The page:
Nano-Electronics

 The realm of nano-scale devices may be approached from either side: from the top down, using small tools to build smaller tools, or from the bottom up, assembling new devices atom-by-atom or molecule-by-molecule. From the top-down, integrated circuit elements such as transistors are shrinking towards the nano-scale. As circuit elements become smaller enabling chip developers to pack larger numbers of elements into the same area, the complexity of these circuits and chips increases significantly.

 Traditional approaches of design and manufacturing are proving to be inadequate. New knowledge and techniques such as quantum mechanical effects should be applied to model and analyze the circuit behaviour. Meanwhile, other nanotech researchers are approaching design and fabrication from the bottom up, assembling things as nature does, atom-by-atom, molecule-by-molecule. Again, new techniques are needed, as new properties are observed. The Nano-fabrication Lab will study both of these problems: how to make the small even smaller, and how to assemble atoms and molecules into smart materials and working devices.

Projects in Nano-Electronics

  • ​Fundamental and applied research into flexible electronics; that is, electronics embedded on a mechanically flexible substrate such as plastic, rather than on traditional and brittle ones such as silicon.
  • Experimentation in electron beam lithography, to fabricate nanostructures and nanoelectronic devices, and to determine how the arrangement of molecules affects the chemical properties of substances.
  • Fundamental studies and development of nanocrystalline thin-film semiconductors, devices and circuits for electronics and spintronics.
  • Development and fabrication of Micro- and Nano-Electro Mechanical Systems (MEMS/NEMS). New devices being researched include NEMS-based metamaterials, miniature signal processing devices, biomedical, diagnostic and image processing devices, tiny wireless components (filters, mixers, antennas), miniature opto-electromechanical devices (optical relays, optical multiplexers, deformable optics), miniature biosensors and environmental sensors, and micro- and nano-fluidics devices.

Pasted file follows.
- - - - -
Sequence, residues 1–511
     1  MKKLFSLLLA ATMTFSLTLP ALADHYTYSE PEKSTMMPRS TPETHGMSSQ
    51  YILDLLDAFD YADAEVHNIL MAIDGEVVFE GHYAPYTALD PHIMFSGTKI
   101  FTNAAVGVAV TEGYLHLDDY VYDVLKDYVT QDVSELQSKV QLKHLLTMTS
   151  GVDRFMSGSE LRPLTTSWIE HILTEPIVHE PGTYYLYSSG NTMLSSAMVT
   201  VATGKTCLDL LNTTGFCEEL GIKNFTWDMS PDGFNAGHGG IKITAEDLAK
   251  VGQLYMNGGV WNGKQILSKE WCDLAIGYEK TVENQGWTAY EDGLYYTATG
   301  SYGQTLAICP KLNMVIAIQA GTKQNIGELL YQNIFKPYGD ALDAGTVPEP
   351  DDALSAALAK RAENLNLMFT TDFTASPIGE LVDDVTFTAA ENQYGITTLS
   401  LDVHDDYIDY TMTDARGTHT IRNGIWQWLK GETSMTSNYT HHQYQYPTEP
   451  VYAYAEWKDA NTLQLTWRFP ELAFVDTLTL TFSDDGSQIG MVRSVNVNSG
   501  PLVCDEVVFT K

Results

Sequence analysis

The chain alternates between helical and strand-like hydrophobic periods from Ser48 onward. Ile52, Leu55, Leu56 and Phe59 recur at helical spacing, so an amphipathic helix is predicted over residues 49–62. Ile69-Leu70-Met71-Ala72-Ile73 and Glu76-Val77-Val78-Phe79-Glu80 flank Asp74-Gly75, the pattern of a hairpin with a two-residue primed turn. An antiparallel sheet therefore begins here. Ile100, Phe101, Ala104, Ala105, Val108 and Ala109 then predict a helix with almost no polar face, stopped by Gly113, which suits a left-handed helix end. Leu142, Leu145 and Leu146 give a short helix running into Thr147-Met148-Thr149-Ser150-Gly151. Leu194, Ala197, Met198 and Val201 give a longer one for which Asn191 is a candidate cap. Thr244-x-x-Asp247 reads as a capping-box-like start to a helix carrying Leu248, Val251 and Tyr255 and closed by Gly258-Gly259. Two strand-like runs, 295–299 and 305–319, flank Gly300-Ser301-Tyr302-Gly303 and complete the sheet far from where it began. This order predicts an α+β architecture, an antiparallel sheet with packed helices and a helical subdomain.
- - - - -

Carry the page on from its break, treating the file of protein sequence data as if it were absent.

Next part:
• Organic synthesis, characterization and application of molecular organic semiconductor materials for electronic/optoelectronic devices. These materials are uniquely positioned to allow low cost fabrication processes (e.g., printable electronics) and to enable novel applications, such as, flexible- and molecular-electronics.
  • University of Waterloo researchers will develop techniques to integrate NEMS/Complementary Metal Oxide Semiconductor (CMOS) to develop manipulators with atomic precision in all three dimensions with on-chip control. Example applications include: scanning probe microscopy, atomic force microscopy, nano-materials characterization and atomic resolution imaging. The overall objective is to develop technologies for precision nano-scale assembly and manufacturing.

People in Nano-Electronics